Staying in tune Featured

8:00pm EDT September 25, 2008

People are going to find out what they want to know.

That’s something Simon Crookall has known for a while now. Whether you tell them or not, the president and CEO of the Indianapolis Symphony Orchestra says that the people in your organization will find some channel through which they can get information. And that’s not necessarily a bad thing.

Businesses and other large organizations have long placed a high emphasis on strictly controlling the flow of information though intricate systems of checks and balances. And while some information does need to be carefully disseminated, Crookall says every communication does not need to come directly from your mouth or your computer. If you’re micro-managing the communication process, you are likely robbing yourself of time to accomplish other things.

Smart Business spoke with Crookall about how he stays connected to his 150 employees at the Indianapolis Symphony — which posted 2007 revenue of $26 million — and connected to the community, without getting tied down by too much communication.

Know when to say when. You can get hung up a lot on the whole communication thing. Of course, it’s essential. It’s very important that everybody hears what they need to hear. But you can be preoccupied by that and set up all kinds of repetitive channels for communicating things, and then people stop listening. We had a meeting of the board where some members said that they would actually prefer to not receive e-mails anymore. It shocked me completely because it’s the quickest, cheapest and most effective way of getting information out, but people eventually stop reading because they’re getting so much of it. We’re all bombarded with information these days.

Communication is one of those things that everybody thinks they’re always not getting enough of. It’s something you have to be aware of but not too preoccupied by it. It’s amazing how people can find out what they want to know.

In any organization I’ve worked in, news travels incredibly quickly around the building. Communication happens on an informal as well as a formal level, but people will always think they’re not being communicated with enough. You just have to keep sending out the messages, keep physically and verbally, written and by any other form you can, informing people about what is happening.

Certainly, our weekly e-mail newsletter has been really good for us. It becomes a huge task to write that every week because I write every word myself. It gives me an opportunity to not only inform people who might be slightly less connected to the organization, like the board members, about what we are doing performancewise and also internally any issues I want to raise, any policy decisions we’ve made, any decisions coming up in the future we want people to be aware of.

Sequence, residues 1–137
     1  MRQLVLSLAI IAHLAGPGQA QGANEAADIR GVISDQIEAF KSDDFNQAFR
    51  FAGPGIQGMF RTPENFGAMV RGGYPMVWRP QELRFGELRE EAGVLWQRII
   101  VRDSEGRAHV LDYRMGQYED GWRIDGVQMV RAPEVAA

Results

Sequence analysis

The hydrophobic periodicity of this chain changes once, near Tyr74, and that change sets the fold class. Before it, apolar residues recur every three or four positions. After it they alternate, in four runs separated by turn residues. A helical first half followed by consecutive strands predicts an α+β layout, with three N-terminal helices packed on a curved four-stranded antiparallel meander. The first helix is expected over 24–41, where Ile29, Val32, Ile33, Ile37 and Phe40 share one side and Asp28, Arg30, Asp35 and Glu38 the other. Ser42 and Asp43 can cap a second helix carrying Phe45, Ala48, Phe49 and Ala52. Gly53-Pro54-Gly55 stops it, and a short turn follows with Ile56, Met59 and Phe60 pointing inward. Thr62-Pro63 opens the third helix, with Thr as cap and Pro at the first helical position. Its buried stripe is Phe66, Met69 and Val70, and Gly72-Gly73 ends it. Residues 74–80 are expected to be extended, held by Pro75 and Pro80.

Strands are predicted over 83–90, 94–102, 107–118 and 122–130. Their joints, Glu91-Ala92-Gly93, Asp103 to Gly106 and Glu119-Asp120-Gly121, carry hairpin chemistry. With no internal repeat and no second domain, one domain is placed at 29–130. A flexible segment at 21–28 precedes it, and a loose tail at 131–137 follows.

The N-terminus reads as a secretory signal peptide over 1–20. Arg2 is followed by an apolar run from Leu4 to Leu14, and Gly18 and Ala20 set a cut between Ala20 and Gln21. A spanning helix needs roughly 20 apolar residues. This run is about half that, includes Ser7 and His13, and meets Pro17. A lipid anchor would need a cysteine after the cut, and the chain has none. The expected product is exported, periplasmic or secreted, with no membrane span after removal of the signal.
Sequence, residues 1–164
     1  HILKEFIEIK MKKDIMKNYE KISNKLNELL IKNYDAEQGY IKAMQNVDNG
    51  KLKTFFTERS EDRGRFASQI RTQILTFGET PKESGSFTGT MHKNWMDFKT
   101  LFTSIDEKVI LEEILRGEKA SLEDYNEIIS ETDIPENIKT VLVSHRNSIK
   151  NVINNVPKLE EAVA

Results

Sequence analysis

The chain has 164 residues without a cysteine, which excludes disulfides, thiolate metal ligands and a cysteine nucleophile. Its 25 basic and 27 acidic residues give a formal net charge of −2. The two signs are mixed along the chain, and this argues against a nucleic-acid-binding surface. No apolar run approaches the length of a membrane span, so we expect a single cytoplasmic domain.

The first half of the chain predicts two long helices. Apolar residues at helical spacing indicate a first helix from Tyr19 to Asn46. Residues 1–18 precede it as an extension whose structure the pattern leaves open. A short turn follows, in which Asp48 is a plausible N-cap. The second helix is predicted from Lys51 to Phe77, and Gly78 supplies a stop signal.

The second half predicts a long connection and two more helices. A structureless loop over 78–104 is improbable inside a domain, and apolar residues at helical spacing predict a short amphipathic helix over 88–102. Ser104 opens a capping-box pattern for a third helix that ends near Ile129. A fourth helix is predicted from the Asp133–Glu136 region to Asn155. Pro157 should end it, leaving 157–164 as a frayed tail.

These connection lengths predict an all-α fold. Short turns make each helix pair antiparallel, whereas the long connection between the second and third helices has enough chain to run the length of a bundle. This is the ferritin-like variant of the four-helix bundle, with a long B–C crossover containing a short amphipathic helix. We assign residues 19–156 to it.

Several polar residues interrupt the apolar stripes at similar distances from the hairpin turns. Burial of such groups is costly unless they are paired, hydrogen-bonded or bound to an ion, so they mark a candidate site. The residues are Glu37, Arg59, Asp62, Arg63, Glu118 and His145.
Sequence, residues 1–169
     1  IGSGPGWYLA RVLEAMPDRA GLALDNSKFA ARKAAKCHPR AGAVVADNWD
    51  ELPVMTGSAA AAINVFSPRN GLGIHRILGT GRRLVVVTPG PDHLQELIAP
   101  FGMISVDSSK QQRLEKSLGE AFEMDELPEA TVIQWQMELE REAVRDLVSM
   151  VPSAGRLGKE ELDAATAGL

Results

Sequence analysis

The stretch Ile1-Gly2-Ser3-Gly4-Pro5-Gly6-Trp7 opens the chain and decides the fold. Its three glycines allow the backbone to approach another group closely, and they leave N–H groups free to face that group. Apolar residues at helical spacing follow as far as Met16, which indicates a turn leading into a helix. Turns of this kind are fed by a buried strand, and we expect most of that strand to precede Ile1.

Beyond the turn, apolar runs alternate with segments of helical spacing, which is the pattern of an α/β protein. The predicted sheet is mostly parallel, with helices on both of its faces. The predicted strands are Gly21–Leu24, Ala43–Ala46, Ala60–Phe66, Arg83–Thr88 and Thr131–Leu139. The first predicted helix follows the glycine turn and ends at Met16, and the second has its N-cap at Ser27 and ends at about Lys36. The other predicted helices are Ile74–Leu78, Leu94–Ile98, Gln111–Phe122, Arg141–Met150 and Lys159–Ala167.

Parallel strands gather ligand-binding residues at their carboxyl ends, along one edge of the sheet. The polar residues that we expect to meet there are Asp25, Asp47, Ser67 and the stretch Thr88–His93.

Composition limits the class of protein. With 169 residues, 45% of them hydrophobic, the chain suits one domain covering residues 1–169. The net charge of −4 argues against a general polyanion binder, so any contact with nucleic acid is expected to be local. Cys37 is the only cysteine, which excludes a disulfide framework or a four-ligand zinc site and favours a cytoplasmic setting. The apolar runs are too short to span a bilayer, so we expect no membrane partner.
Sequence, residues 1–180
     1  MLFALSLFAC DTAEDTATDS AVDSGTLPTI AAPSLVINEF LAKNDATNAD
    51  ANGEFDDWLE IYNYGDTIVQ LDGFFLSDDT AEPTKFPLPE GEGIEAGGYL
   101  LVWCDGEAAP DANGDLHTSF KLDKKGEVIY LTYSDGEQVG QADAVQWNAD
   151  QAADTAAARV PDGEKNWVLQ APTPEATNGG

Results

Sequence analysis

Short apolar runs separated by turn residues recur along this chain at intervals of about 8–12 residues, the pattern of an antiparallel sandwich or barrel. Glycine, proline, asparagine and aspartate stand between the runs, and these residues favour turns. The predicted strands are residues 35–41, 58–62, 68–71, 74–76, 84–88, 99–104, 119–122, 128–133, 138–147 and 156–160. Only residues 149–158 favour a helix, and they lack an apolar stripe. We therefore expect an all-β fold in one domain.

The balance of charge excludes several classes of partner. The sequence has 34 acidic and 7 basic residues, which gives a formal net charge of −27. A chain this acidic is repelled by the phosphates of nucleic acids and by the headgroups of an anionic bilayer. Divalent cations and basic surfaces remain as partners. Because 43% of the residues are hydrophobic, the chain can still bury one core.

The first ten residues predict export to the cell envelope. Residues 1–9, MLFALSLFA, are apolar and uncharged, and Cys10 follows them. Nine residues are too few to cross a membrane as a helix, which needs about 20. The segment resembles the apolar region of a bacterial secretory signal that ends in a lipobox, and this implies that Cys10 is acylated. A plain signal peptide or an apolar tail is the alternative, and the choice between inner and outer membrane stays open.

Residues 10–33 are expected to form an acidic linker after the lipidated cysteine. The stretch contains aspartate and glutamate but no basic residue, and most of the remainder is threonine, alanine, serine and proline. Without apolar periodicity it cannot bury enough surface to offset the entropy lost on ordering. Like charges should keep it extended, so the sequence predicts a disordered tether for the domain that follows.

It’s a very useful vehicle for all of that. I get tremendous feedback on that, especially from members of the board, who aren’t here all the time.

Get others involved in communication. You need engaged leadership at every level. One person can’t do that.

It’s important that everybody at every level, in whatever area they are, have access to others at their own and higher levels.

I have a wonderful group of department heads who work very closely with their staff.

I think it’s important that people feel that the people they’re dealing with aren’t just a name and a title but a face and a pair of ears, someone they feel familiar dealing with. It’s impossible for one person to do that in an organization.

Whenever we discuss anything, my direct reports relay that firsthand through the organization. I have some direct means of communication, too. We have a monthly meeting of all staff, and we have fairly regular meetings with the musicians, as well. Because the musicians work as a unit, there are opportunities to talk to them before rehearsals, when they are assembled for that.

When I first arrived here, the board’s charge to me was to be out in the community about 60 to 70 percent of my time. You then discover, of course, that you need to also be in the organization at least 60 to 70 percent of the time, and the two tend to add up to slightly more than 100 percent.

I spend a lot of time out in the community going to all our concerts and other people’s events, making myself available to the public. That is a very important part of the job for me. You try and develop relationships with everybody on the staff so they feel they can approach you whenever they need to.

Build consensus whenever possible. The leadership of an orchestra’s musicians is by the conductor. The conductor is pretty much a dictator in a lot of senses because everyone has to do the same thing at the same time.

But a really good conductor is one who will involve the musicians in their own artistic expression and enable them to contribute to the creation of the musical performance in a way that they feel they’re contributing something additional to just following the baton. I would love to think I’ve learned lessons from that, thinking that leadership has to afford everybody the opportunity to make their own music, so to speak.

HOW TO REACH: Indianapolis Symphony Orchestra, (317) 262-1100 or www.indianapolissymphony.org